Marijuana-consuming athletes are turning the stereotype of the lazy pothead upside down and giving new connotations to “doping” in sports.
When it comes to drugs and sports, the topic is usually performance-enhancing drugs like steroids or strong opiate-based painkillers.
This, however, may be changing. It turns out that athletes are hitting more than just balls these days — many are also hitting the bong to ease pain arising from injuries and, sometimes, to tone down their aggressiveness.
In a recent post for The Denver Post’s new all-marijuana extra, The Cannabist, Lucas Fiser, a freelance writer for The Denver Post and a cannabis consumer, shared his experience using marijuana before an athletic event.
Fiser first tried using marijuana before a championship collegiate club soccer match in 2010. He wrote that while he was normally a very competitive player, with an impressive slew of yellow cards to prove his on-field aggression, he felt very calm during that particular game.
“I played the game with a tranquility that had, for my entire athletic career, been foreign,” he wrote. “Marijuana opened the field up into readable patterns, and instead of bull-rushing midfielders and running over strikers, I was passing the ball off without contact. I was playing clean soccer.”
Fiser and his teammates, who were also high, lost the game despite Fiser’s two goals, but he found “that optimistic brownie high made me understand the beauty in sports.”
“I don’t believe in the stereotypes of pot. The couch-potato clichés,” Fiser blogged. “Marijuana, when paired with sports can emotionally transform the athletic experience in positive ways.”
The popular stereotype of marijuana users is that they’re lazy, overweight couch potatoes with an insatiable appetite for Cheetos and Taco Bell. But according to a study published last year in the American Journal of Medicine, people who regularly used marijuana were actually found to be thinner and healthier than those who did not.
Though surprising to some, the study’s findings echo the findings of similar studies in years past, which have found that marijuana users have higher levels of good cholesterol and a lower rate of diabetes than those who don’t consume marijuana, prompting some to ask whether marijuana enthusiasts are actually more physically active than those who choose to pass instead of puff.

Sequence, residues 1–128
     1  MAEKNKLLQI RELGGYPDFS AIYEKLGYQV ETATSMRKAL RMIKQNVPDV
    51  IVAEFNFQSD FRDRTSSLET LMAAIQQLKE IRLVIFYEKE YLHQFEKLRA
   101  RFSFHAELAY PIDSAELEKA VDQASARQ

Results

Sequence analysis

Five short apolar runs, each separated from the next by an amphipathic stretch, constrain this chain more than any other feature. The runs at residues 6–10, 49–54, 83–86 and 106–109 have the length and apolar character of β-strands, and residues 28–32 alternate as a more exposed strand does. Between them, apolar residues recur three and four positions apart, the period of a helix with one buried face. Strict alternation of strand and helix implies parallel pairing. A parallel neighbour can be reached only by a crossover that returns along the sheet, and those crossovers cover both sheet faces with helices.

Fiser told MintPress News that although marijuana has made him much more of an even-tempered team player, using it before a game hasn’t exactly made sports any more enjoyable. It also hasn’t hampered his ability to play, either.
“I really enjoy the surge of competitive nature that pumps in my veins every time I play a sport sober,” Fiser told MintPress. “But it holds me back. It makes me overly aggressive. I think the fact of it all is, at least with team sports, is that I am more enjoyable to play with when I am high. I laugh… I play friendly. I share the ball.”
Fiser isn’t the only athlete grabbing a pre-game high, though. He said some of his friends have also consumed the drug before competition, and he knows of some professional athletes who do, as well.
He also noted that he has found that marijuana hits people in different ways.
“I think for a lot of my friends, pot makes them play in a realm of complacency,” he said.
Breaking the ‘stoner’ stigma
Ben Reagan, co-founder of the Washington-state-based Center for Palliative Care, said that in order to convince teenagers to abstain from marijuana, many marketing campaigns created a stigma around a typical user.
“You don’t put the super smart stoner who works at Microsoft” in the media to tell teens that pot is bad, said Reagan, whose center helps patients achieve an active lifestyle with the help of targeted cannabinoid therapies. You put the “hacker stoner living out of his mom’s basement” in front of teens.
Due to marijuana’s illegal status on the federal level, marijuana enthusiasts are fearful to reveal that they use the substance, even in states where it is legal either recreationally or medically, so the public’s misinformed perception of what constitutes a stoner remains intact.